Diabetes Management: Making Autumnal Adjustments

Our daily habits are naturally affected by the changes Autumn brings, but making a few behavior adjustments now can keep your diabetes management goals on track.

The primary cool-weather pitfall to watch out for is increased calorie consumption. As outdoor temperatures drop people tend to eat about 200 more calories each day, much of it carbohydrates.

This autumnal tendency to eat more may be programmed into our biology. It’s easy to imagine our ancestors packing on a few pounds in preparation for the winter months. Humans have historically eaten more when food is plentiful, as it often is at harvest time.

Fall is also when many of us put our shorts and swim suits in the storage closet, and wear more concealing fall and winter clothes. For a few months we can relax about the appearance of muffin tops, bulging bellies, or thighs, and may relax our dietary discipline as well.

Easy, Enjoyable Autumn Adjustments

Fortunately, adjusting autumnal habits to maintain good glucose control is not painful. It is mostly a matter of enjoying fall’s bounty, and tweaking the actions we already take, for instance:

  • Watching football or checking out TV’s new fall shows can lead to mindless snacking on the couch. Fall is the perfect time to stock up on healthier snacks, or to make your own—such as roasted pumpkin seeds. Also, decide to never bring a whole bag of any snack back to the couch. Put a reasonable size serving in a bowl, and put the bag back in the pantry.
  • Soon, many of us will be turning our clocks back leaving fewer daylight hours for outdoor physical activity. We can adjust for this by getting up earlier to enjoy more sunlight, purchasing a gym membership, using exercise videos, dusting off the treadmill, or taking evening walks at a mall.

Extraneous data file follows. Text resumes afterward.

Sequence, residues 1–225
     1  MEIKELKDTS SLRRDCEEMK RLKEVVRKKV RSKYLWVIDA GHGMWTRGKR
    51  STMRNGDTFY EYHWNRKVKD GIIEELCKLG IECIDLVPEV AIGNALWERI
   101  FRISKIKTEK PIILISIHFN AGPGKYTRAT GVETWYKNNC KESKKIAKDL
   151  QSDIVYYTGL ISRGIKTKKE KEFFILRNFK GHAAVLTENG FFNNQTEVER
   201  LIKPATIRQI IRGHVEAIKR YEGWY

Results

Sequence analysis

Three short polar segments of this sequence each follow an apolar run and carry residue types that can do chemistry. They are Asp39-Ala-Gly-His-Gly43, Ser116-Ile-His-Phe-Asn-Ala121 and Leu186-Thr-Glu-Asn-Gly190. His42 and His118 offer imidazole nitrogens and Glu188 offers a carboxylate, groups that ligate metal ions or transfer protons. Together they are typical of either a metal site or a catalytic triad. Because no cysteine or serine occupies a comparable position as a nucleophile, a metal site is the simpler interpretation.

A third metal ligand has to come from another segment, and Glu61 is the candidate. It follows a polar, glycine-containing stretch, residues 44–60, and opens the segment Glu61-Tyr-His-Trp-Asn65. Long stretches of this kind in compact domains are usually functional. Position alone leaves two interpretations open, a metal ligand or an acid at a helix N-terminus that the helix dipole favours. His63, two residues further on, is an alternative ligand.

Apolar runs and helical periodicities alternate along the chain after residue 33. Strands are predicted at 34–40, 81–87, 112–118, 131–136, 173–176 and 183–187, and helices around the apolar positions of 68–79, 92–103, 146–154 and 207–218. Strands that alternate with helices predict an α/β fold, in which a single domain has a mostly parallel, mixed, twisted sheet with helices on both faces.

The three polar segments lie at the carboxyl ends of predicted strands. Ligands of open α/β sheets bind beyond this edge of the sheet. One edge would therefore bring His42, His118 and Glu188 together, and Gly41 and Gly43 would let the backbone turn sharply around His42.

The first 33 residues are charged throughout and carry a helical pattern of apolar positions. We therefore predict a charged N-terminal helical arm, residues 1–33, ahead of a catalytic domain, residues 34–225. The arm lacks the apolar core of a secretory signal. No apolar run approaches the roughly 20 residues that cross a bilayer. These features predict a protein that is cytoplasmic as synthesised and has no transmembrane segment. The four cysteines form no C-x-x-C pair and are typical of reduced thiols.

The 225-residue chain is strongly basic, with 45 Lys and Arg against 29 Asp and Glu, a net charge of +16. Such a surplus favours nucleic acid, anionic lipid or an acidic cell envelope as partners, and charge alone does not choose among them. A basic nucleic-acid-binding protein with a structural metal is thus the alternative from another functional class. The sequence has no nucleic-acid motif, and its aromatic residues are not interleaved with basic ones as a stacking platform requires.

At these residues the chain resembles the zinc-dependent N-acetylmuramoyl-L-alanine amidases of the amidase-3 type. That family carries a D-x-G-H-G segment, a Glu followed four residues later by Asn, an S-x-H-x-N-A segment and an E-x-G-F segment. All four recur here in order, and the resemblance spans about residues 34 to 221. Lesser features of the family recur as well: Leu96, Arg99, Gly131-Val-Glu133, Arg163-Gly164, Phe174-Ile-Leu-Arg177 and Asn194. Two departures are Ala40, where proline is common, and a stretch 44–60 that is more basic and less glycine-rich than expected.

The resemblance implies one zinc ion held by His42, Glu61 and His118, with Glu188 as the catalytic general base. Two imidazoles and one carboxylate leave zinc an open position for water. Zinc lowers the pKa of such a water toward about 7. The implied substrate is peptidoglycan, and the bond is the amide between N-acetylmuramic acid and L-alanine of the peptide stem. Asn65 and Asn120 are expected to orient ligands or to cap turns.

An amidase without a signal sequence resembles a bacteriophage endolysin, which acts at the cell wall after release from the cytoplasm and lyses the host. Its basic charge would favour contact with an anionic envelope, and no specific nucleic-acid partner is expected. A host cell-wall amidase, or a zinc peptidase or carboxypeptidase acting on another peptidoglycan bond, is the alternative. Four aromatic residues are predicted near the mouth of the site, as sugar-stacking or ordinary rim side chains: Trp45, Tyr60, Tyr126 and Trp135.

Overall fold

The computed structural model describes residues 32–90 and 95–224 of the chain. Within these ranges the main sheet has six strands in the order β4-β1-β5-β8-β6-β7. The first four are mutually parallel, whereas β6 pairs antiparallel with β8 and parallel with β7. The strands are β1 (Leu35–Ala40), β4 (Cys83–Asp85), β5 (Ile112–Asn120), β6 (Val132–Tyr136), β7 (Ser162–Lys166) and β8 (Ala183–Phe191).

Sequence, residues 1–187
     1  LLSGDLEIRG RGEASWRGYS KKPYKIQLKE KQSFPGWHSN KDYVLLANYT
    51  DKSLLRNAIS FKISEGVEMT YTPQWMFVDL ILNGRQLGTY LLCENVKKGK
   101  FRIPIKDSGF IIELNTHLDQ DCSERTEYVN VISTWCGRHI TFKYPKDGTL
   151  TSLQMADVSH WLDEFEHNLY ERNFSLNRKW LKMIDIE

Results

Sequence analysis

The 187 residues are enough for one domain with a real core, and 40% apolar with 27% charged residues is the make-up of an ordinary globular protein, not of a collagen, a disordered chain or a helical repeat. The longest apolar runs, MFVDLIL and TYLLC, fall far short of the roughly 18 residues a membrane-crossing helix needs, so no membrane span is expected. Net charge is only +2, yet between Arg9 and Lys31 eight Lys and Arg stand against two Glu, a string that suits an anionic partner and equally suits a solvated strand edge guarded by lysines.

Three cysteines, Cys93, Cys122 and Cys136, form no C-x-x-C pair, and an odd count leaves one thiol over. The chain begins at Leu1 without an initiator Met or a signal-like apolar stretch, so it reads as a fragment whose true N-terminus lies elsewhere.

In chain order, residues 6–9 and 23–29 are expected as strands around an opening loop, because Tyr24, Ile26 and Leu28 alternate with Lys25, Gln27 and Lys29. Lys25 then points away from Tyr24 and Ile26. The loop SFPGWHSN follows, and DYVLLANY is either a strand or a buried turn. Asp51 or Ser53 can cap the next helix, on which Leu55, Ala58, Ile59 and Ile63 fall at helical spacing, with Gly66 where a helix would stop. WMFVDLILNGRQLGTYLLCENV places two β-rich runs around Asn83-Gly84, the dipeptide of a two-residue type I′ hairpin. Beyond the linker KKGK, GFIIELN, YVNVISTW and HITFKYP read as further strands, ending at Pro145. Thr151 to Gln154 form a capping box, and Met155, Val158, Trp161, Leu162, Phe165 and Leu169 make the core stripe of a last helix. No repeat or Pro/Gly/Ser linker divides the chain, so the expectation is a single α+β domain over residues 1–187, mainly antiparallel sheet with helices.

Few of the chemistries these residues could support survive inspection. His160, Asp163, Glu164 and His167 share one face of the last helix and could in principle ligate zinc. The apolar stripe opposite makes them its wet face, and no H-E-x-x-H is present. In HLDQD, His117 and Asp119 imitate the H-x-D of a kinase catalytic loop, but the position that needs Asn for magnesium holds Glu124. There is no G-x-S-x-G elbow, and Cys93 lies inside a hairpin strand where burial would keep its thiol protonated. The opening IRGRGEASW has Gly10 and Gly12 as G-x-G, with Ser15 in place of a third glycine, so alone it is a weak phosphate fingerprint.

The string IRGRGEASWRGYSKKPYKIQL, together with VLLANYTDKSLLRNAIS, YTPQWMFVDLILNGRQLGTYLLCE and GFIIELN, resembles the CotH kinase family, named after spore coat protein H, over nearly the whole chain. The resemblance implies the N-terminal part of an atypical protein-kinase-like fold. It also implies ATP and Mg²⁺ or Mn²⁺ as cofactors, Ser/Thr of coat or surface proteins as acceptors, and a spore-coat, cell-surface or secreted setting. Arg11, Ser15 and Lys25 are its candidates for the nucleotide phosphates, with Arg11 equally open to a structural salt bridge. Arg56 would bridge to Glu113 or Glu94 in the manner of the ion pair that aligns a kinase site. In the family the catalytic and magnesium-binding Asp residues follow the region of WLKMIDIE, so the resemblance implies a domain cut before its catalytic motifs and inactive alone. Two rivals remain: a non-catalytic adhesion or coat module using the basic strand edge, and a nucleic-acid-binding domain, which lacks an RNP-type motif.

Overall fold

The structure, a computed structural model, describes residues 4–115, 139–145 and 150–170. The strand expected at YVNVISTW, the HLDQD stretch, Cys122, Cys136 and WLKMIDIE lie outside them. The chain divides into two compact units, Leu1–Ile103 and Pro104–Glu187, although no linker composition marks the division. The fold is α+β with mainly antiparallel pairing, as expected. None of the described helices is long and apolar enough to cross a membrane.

• Enjoy nutritious in-season vegetables by preparing hearty chill-minimizing soups and stews. Add a moderate amount of lean meat to get additional protein.
  • Consider making Halloween and Thanksgiving treats using stevia powder or extract instead of sugar. Stevia is an herbal sweetener that does not raise blood sugar levels. There are plenty of tips online for adjusting recipes; simply Google “using stevia in baked goods,” or something similar.
  • Make “fall” adjustments in your bedroom to continue getting a good night’s sleep. A cool room - about 65 degrees F - with layers of comfortable bedding is ideal for most of us. Consider purchasing a new mattress if yours has got “the sags.”
  • Before colder temps set in, check your diabetes supplies, making sure everything you need is present and up-to-date.

“Listen! The wind is rising, and the air is wild with leaves,
We have had our summer evenings, now for October eves!”
~ Humbert Wolfe

Source: RGI
Photo credit: Ian Sane

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